On the 8th of March (a Monday) the sky was a gray so pale it was almost white, bright to the extent that it almost hurt to look at it. Despite the sky, the weather was mild, a stark contrast from the week before.
Ohtori Choutarou was walking home with eyes down cast. (This had nothing to do with the luminescence of the aforementioned sky, and everything to do with the fact that White Day was drawing near.)
Traditionally, his sister was the one who'd take care of his "thank you" gifts. It was an unspoken agreement that as the one who ate the chocolates, she should also be the one who reciprocated the favor. (This year, she had prepared some rather pretty satin ribbons, with flowers embroidered on the ends in dainty white-on-white patterns.) That wasn't the problem.
And birthday presents were to be returned with something appropriate on the birthday of the giver.
But on February the 15th, Ohtori had mentioned, in passing, that his sister had already liberated all of his chocolates. On the 16th, Shishido had handed him a few small packages, saying that he wouldn't have eaten them anyway.
While it was clear that Ohtori owed Shishido something (he had eaten those chocolates himself,) he wasn't quite sure of "what was owed" and "when should it be given."
Tuesday night, Ohtori was greeted by a piece of cream-colored material, bundled up with a satin ribbon. It was a scarf, that looked as if it had been made to match the Hyoutei uniform.
"What's this for?" Choutarou asked.
"An early white day present," his sister replied. "It's been getting warmer as of late so I thought I'd give it to you a few days early."
"So you were out shopping and thought it would look cute on me." (Ohtori generally tried to think the best of people, but he knew his sister, and she never got him white day presents. She did, however, try to dress him up on a regular basis.)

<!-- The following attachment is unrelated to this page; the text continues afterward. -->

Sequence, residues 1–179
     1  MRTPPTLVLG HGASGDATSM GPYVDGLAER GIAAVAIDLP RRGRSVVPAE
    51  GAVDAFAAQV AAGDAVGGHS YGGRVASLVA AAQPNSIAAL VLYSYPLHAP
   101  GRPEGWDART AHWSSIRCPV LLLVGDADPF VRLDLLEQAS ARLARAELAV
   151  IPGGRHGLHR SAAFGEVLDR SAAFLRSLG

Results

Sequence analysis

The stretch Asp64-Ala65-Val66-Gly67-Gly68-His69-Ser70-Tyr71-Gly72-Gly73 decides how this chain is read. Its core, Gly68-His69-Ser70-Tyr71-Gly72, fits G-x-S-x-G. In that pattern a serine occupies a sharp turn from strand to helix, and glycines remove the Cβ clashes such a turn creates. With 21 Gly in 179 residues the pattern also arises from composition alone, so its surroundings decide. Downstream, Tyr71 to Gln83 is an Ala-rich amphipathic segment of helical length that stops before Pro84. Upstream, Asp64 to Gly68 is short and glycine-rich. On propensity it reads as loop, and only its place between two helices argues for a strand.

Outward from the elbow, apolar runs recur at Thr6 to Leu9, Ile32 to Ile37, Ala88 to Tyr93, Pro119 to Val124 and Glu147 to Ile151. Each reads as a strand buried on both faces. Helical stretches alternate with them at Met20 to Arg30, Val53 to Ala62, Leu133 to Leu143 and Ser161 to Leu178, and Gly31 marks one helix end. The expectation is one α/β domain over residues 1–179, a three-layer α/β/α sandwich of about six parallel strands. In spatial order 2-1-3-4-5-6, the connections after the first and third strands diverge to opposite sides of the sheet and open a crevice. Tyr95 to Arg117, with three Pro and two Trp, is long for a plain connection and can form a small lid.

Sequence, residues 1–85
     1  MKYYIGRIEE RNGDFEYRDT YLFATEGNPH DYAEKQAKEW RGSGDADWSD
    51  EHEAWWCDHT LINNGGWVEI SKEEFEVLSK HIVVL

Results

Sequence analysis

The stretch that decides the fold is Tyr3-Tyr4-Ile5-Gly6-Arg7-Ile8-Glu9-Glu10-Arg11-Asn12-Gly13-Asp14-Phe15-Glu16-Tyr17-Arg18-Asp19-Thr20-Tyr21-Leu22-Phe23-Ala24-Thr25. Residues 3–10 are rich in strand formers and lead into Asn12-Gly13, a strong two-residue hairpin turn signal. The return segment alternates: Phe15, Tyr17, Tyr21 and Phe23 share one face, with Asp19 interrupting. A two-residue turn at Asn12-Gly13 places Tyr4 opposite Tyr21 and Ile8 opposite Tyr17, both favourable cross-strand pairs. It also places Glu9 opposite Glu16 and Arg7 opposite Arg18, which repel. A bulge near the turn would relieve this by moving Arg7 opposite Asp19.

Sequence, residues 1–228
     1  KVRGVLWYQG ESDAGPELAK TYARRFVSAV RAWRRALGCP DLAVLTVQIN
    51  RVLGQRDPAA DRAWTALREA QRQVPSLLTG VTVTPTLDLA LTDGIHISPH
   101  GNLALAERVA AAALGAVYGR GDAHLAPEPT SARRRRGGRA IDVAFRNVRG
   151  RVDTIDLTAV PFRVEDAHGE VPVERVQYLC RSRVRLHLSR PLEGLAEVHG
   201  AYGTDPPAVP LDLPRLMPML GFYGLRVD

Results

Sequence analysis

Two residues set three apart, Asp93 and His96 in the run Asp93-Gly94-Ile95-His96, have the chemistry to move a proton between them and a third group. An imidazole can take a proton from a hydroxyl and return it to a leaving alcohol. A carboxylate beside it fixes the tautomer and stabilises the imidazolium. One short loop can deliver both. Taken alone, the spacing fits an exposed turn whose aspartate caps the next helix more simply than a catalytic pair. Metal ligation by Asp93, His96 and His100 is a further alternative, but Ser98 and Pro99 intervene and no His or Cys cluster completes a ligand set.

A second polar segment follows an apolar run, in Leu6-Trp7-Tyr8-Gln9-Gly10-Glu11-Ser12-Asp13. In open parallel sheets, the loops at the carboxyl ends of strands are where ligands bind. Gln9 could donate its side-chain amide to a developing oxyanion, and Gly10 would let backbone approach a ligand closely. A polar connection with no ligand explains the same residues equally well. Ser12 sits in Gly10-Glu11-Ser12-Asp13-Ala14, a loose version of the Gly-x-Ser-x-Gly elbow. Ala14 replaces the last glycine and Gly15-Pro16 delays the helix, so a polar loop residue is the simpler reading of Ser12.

She laughed, ruffled his hair, and left.
On Wednesday, it occurred to him that the scarf would look well on Shishido.
He spent a couple of hours searching through the parts of Shinjuku that he knew his sister haunted, but had no luck.
(Ohtori's sister was usually out past the time he went to bed, and he didn't really want to ask her anyway.)
By 7pm, Thursday night, (the 11th of March) Ohtori was about to give in and make the call. To find a specific scarf in all of Tokyo was a fairly futile task. (What he had found was 18 packs of Kleenex, (which were white and fluffy, but not what he was looking for) one rice krispies treat, more flyers than he cared to think about, and a pack of face paper. He ended up throwing most of it away. Ohtori knew that she shouldn't have took them, but he felt a bit sorry for the people who tried to hand them out.)
He wandered a bit longer, but about 15 minutes later, he took out his phone.
As soon as he hit the speed dial, a bit of cream in a store window caught his eye.
"Umů Never mind, Nee-san."
Ohtori bought the scarf, had it gift wrapped, and proceeded to spend all of Friday worrying about whether it was proper to give it to Shishido.
That night, he decided that he really must return the favor, and slipped the package into his tennis bag.
Saturday, March 13, was unexpectedly cold. Ohtori had brought his coat and scarf, because he believed in being prepared. Shishido had not.
Ohtori snuck into the club room during lunch, to unwrap the scarf and remove the tags, before replacing it in his locker.
After practice, while they were preparing to go home, he offered the scarf to Shishido.
Shishido looked at him suspiciously. "Aren't you going to be cold?"
Oh no, Ohtori denied. He had his coat and it was a spare scarf. See, he had another one just like it. Shishido-san should keep the scarf.
He left before Shishido could protest further.
Outside, the sky was a clear blue, scattered with clouds.
It had been, Ohtori reflected, a pretty good week to fall in love.
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